“We cannot agree to an application to ban [the party],” said FDP leader Philipp Rösler on Monday and added that his liberal-leaning party had always been against a ban. “You can’t put a ban on stupidity,” he said.
His words drew sharp criticism from the Central Council of Jews in Germany, which accused Rösler of downplaying the danger from the far-right National Democratic Party (NPD).
“It’s a disastrous and wrong move on the part of the FDP,” president of the council Dieter Graumann told the Handelsblatt newspaper on Monday.
A potential ban on the party was about preventing tax money going to finance “hate,” said Graumann and said that with their “signal of political indecision” the FDP had put a de facto block on the ban.
The last attempt in 2003 by the then government to outlaw the NPD failed after legal complications arose from the presence of state intelligence agents in the party ranks.
This latest anti-NPD initiative originated in the Bundesrat upper house of parliament last year, prompted by the discovery in November 2011 of a far-right terrorist cell believed to be behind a murder spree stretching back seven years, in which most of the 10 victims were immigrant shopkeepers.
Last December representatives from Germany’s 16 states voted unanimously, bar one abstention, to ask the country’s highest constitutional court to ban the party on the grounds that it sought to undermine the national constitution.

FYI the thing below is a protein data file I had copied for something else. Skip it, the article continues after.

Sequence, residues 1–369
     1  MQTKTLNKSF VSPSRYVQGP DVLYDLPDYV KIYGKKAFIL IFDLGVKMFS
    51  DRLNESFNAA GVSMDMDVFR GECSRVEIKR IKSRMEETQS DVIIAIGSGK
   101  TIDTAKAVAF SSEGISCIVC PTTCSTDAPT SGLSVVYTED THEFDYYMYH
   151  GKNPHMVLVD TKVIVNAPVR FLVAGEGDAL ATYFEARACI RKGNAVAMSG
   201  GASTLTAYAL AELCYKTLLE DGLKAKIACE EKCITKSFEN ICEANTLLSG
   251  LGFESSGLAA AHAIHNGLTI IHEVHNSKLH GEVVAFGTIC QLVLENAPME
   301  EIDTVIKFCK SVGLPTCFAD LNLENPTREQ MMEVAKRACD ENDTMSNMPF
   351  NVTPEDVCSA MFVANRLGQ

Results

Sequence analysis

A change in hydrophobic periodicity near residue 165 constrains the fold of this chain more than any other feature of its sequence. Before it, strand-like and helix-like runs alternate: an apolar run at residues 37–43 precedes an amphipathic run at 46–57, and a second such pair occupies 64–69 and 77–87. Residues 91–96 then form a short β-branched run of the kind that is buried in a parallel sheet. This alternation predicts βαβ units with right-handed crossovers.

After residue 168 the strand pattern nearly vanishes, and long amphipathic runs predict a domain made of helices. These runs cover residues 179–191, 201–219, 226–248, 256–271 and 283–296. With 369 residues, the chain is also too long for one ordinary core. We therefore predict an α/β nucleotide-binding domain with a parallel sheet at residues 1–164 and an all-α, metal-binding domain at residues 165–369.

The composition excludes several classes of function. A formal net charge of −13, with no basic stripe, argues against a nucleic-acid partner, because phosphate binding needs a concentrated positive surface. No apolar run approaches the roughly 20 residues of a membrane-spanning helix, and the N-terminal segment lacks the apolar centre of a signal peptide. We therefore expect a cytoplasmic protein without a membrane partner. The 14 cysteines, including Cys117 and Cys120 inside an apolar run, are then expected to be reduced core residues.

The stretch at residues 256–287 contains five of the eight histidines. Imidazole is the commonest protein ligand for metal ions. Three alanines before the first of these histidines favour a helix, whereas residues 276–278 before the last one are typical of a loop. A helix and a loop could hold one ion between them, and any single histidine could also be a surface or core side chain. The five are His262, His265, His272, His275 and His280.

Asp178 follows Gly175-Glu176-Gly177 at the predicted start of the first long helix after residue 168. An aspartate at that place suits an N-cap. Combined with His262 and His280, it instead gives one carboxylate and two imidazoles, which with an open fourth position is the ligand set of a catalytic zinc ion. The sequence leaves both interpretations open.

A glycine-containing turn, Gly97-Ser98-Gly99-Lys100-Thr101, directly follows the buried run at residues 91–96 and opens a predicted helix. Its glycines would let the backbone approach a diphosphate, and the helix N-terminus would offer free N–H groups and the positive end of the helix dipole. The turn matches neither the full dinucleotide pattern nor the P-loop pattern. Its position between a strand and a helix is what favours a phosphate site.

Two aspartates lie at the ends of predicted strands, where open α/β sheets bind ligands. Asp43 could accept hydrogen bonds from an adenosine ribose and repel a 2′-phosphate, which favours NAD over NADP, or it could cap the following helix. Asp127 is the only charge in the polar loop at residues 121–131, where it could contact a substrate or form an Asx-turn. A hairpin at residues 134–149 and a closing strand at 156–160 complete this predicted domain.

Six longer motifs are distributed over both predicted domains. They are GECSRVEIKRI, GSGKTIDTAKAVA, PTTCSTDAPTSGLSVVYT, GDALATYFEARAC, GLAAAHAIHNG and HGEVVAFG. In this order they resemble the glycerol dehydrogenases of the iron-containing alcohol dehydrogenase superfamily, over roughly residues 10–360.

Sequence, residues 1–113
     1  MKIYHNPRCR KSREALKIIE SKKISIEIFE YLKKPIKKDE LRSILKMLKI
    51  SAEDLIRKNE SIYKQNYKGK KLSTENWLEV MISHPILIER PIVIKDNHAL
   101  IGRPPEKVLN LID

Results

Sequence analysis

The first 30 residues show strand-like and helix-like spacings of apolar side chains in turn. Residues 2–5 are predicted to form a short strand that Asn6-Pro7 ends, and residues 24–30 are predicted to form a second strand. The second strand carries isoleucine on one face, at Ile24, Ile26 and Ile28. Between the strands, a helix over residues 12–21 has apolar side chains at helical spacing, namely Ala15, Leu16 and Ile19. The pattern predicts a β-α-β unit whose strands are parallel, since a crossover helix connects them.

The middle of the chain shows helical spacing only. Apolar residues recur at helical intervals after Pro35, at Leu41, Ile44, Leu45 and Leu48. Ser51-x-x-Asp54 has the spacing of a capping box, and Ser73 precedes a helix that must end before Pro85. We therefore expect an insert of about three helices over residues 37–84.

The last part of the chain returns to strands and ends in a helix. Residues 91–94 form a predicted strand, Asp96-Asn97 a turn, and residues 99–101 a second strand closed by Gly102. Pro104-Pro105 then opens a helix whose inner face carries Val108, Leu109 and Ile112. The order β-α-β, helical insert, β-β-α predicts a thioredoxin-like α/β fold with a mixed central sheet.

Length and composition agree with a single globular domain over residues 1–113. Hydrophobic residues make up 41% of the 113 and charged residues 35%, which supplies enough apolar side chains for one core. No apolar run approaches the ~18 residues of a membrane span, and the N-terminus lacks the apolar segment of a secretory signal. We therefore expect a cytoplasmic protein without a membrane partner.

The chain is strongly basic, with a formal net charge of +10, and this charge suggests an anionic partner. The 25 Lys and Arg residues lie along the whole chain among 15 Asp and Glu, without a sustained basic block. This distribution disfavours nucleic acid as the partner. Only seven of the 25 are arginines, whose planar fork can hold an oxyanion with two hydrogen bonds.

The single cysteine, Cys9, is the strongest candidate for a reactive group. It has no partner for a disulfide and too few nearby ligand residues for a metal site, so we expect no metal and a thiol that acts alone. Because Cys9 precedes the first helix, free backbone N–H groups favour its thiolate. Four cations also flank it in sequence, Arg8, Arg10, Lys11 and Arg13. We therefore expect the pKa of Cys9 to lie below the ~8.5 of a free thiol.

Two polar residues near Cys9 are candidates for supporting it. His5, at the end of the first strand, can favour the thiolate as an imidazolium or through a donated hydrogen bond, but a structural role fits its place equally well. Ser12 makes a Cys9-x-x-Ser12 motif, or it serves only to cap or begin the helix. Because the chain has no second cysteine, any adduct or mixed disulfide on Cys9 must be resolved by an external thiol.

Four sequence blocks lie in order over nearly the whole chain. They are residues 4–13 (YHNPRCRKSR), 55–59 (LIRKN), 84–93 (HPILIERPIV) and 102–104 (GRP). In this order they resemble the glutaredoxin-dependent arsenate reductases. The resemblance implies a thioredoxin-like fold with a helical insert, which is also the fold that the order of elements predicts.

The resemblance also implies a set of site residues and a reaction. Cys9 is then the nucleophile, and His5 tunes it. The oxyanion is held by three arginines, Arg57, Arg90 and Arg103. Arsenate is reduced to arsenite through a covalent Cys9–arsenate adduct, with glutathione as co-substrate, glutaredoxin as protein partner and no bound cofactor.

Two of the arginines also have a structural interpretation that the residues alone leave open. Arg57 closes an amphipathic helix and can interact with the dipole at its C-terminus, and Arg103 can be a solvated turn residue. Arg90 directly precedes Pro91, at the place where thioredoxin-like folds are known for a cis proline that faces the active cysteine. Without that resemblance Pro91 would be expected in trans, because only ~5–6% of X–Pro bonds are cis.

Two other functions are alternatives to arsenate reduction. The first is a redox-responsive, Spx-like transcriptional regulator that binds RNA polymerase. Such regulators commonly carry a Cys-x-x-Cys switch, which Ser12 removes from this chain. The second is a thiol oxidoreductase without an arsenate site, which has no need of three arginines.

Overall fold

Yet high-ranking politicians including Chancellor Angela Merkel and Interior Minister Hans-Peter Friedrich have raised doubts about whether a ban would hold up in court.
All five of Chancellor Merkel’s FDP cabinet ministers, including Economics Minister Rösler, said they would not support the ban on Monday, meaning the governing coalition as a whole was now unlikely to back the legally contentious move.
Merkel has said she would be seeking a unanimous decision within her cabinet when it met to discuss the ban on Wednesday.
The lower house of parliament, the Bundestag, has also not yet indicated whether it will support the states’ initiative, but without government backing, the attempt to ban the fringe neo-Nazi party could find itself on much shakier legal ground.